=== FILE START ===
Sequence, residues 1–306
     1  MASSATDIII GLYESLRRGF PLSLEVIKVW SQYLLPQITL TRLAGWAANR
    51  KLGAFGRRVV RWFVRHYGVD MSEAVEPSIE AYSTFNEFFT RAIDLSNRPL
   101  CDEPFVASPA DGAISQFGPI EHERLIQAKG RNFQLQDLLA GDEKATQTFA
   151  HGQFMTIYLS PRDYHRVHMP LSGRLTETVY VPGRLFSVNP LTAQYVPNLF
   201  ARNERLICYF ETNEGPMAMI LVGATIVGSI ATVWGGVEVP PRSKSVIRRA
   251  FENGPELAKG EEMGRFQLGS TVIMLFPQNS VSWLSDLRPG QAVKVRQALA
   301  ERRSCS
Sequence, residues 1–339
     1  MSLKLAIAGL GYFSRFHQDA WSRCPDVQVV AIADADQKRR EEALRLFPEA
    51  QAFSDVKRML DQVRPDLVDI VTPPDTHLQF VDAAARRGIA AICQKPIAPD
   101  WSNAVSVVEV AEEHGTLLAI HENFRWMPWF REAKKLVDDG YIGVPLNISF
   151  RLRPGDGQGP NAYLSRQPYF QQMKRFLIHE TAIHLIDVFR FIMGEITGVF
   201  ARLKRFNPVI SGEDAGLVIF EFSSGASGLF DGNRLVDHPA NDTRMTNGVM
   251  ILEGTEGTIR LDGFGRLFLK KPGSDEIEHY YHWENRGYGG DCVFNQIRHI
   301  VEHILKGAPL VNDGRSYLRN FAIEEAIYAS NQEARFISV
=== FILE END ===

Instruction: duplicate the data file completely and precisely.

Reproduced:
Sequence, residues 1–306
     1  MASSATDIII GLYESLRRGF PLSLEVIKVW SQYLLPQITL TRLAGWAANR
    51  KLGAFGRRVV RWFVRHYGVD MSEAVEPSIE AYSTFNEFFT RAIDLSNRPL
   101  CDEPFVASPA DGAISQFGPI EHERLIQAKG RNFQLQDLLA GDEKATQTFA
   151  HGQFMTIYLS PRDYHRVHMP LSGRLTETVY VPGRLFSVNP LTAQYVPNLF
   201  ARNERLICYF ETNEGPMAMI LVGATIVGSI ATVWGGVEVP PRSKSVIRRA
   251  FENGPELAKG EEMGRFQLGS TVIMLFPQNS VSWLSDLRPG QAVKVRQALA
   301  ERRSCS
Sequence, residues 1–339
     1  MSLKLAIAGL GYFSRFHQDA WSRCPDVQVV AIADADQKRR EEALRLFPEA
    51  QAFSDVKRML DQVRPDLVDI VTPPDTHLQF VDAAARRGIA AICQKPIAPD
   101  WSNAVSVVEV AEEHGTLLAI HENFRWMPWF REAKKLVDDG YIGVPLNISF
   151  RLRPGDGQGP NAYLSRQPYF QQMKRFLIHE TAIHLIDVFR FIMGEITGVF
   201  ARLKRFNPVI SGEDAGLVIF EFSSGASGLF DGNRLVDHPA NDTRMTNGVM
   251  ILEGTEGTIR LDGFGRLFLK KPGSDEIEHY YHWENRGYGG DCVFNQIRHI
   301  VEHILKGAPL VNDGRSYLRN FAIEEAIYAS NQEARFISV